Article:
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Extra resources for Acquainted with the Night
Line 2 I have walked out in rain - and back in rain. The speaker has walked out and back - to and from home, or wherever he was - in the rain, and as we know from the first line, at night. This doesn't sound like very much fun. Instead of just saying he's walked out and back in rain, the speaker repeats the phrase "in rain" twice. This repetition makes us really feel how miserable walking around in the rain at night is. Line 3 I have outwalked the furthest city light. Here, the speaker tells us that he's walked past the furthest city light.
Quote: I have outwalked the furthest city light (3) Thought: So now that we've seen the emotional isolation of being acquainted with the night, we see that the speaker is physically isolated. He's outwalked the furthest city light - so he's all alone, beyond the guidance of civilization. Quote: I have passed by the watchman on his beat And dropped my eyes, unwilling to explain (5-6) Thought: Don't get too excited about seeing another human being, because it only makes the speaker more isolated.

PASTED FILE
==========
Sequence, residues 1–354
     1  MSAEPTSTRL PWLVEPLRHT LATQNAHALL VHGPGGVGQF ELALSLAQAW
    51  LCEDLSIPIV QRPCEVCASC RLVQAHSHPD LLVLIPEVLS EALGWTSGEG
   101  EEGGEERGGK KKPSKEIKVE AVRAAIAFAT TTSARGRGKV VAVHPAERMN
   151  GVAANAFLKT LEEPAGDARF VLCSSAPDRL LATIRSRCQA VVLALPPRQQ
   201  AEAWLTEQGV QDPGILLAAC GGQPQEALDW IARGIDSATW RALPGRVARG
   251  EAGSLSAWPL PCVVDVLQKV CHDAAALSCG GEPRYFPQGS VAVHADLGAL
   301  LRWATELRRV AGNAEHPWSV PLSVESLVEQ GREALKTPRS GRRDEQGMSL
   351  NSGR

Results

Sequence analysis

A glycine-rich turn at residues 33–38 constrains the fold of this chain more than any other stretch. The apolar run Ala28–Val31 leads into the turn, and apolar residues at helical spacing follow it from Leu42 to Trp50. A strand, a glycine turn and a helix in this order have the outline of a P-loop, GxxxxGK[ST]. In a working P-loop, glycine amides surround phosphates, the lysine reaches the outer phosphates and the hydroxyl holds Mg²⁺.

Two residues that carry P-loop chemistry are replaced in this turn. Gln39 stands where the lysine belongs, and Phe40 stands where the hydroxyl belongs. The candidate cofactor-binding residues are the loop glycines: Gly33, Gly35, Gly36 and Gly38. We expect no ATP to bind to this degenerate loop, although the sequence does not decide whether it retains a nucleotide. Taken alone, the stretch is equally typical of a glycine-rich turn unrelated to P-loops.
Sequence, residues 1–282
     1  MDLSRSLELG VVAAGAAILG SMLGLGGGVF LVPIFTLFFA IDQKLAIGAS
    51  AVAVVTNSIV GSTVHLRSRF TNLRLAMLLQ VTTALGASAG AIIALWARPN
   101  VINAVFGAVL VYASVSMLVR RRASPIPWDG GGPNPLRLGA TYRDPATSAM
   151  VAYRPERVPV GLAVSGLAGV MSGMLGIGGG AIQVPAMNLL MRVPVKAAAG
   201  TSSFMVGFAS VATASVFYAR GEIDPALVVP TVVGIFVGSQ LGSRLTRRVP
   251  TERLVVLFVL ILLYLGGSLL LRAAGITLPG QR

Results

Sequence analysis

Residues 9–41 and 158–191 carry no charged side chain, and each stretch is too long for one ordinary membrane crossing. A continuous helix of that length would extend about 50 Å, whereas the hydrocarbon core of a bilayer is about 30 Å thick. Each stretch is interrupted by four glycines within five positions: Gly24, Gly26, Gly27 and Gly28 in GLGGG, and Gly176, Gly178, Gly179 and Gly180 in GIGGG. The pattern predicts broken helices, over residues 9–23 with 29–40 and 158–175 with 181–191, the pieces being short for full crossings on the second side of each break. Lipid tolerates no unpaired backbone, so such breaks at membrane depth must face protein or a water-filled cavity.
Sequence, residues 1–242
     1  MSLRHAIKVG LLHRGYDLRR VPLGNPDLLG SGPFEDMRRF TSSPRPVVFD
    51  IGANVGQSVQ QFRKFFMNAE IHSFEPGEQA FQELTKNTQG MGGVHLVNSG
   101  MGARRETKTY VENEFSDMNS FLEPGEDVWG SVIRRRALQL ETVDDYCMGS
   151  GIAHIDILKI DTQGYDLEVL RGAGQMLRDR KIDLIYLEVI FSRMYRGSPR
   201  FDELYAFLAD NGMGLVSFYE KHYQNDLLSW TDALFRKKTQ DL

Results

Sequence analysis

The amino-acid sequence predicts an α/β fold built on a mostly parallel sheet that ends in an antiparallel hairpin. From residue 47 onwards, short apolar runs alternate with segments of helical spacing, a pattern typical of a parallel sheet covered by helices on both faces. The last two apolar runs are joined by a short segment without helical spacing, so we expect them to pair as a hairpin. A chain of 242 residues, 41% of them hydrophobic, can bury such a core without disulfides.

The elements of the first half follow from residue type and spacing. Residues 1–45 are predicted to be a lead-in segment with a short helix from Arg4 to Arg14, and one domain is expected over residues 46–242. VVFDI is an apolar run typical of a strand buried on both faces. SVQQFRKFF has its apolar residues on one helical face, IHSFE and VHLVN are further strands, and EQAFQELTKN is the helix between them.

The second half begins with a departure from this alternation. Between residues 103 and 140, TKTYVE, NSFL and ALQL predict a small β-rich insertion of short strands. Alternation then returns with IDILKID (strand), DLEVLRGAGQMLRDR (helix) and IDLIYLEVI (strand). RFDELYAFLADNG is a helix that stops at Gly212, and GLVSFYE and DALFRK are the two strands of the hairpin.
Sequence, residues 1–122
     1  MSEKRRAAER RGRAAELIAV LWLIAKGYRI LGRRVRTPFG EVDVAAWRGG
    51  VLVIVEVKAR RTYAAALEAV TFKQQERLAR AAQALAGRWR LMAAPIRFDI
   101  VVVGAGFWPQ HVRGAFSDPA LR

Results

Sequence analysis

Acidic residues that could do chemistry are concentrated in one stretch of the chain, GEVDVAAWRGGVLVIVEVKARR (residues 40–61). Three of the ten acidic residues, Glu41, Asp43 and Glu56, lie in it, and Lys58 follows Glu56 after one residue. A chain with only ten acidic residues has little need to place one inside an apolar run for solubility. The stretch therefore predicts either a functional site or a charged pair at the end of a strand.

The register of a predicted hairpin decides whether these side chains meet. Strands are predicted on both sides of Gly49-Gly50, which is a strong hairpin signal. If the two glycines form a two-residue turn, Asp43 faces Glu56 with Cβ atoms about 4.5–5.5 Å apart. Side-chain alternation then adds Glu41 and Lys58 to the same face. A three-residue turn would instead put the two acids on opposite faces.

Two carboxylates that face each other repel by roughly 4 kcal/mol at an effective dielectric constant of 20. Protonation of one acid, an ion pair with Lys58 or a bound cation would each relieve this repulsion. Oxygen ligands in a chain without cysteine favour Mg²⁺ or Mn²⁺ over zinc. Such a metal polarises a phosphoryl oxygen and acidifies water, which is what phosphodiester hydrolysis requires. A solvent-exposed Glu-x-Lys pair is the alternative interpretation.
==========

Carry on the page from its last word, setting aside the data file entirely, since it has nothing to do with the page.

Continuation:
But nothing is right, either. Or maybe you've been so sad that even things that don't have feelings, like places or objects, seem sad to you. If so, this poem should speak to you. While the poem's language and action is relatively simple, every line could have a hidden meaning, waiting to be discovered. That's what makes Robert Frost's poems so great -they can have so many meanings, so everyone can relate to them. Basically, this poem is about those creepy, melancholy times when we seem to be acquainted, but not friends, with the world.
Acquainted with the Night by Shmoop